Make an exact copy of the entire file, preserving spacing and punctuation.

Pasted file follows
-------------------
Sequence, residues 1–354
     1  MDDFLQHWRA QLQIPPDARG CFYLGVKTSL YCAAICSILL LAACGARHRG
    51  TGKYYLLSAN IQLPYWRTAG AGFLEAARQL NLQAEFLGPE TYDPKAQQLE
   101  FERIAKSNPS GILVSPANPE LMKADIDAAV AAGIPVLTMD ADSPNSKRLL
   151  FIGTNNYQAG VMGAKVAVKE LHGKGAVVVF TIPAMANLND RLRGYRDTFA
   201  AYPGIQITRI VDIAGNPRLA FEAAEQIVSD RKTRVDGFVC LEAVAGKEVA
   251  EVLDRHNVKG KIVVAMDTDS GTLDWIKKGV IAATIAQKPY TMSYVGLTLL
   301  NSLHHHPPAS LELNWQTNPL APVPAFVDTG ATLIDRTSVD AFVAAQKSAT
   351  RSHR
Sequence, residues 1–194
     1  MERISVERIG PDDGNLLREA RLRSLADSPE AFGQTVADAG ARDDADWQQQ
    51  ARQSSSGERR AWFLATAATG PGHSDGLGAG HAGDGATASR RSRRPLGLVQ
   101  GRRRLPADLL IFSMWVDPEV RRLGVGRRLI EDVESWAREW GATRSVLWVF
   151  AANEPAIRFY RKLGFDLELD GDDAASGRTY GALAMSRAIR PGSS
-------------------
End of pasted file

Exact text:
Sequence, residues 1–354
     1  MDDFLQHWRA QLQIPPDARG CFYLGVKTSL YCAAICSILL LAACGARHRG
    51  TGKYYLLSAN IQLPYWRTAG AGFLEAARQL NLQAEFLGPE TYDPKAQQLE
   101  FERIAKSNPS GILVSPANPE LMKADIDAAV AAGIPVLTMD ADSPNSKRLL
   151  FIGTNNYQAG VMGAKVAVKE LHGKGAVVVF TIPAMANLND RLRGYRDTFA
   201  AYPGIQITRI VDIAGNPRLA FEAAEQIVSD RKTRVDGFVC LEAVAGKEVA
   251  EVLDRHNVKG KIVVAMDTDS GTLDWIKKGV IAATIAQKPY TMSYVGLTLL
   301  NSLHHHPPAS LELNWQTNPL APVPAFVDTG ATLIDRTSVD AFVAAQKSAT
   351  RSHR
Sequence, residues 1–194
     1  MERISVERIG PDDGNLLREA RLRSLADSPE AFGQTVADAG ARDDADWQQQ
    51  ARQSSSGERR AWFLATAATG PGHSDGLGAG HAGDGATASR RSRRPLGLVQ
   101  GRRRLPADLL IFSMWVDPEV RRLGVGRRLI EDVESWAREW GATRSVLWVF
   151  AANEPAIRFY RKLGFDLELD GDDAASGRTY GALAMSRAIR PGSS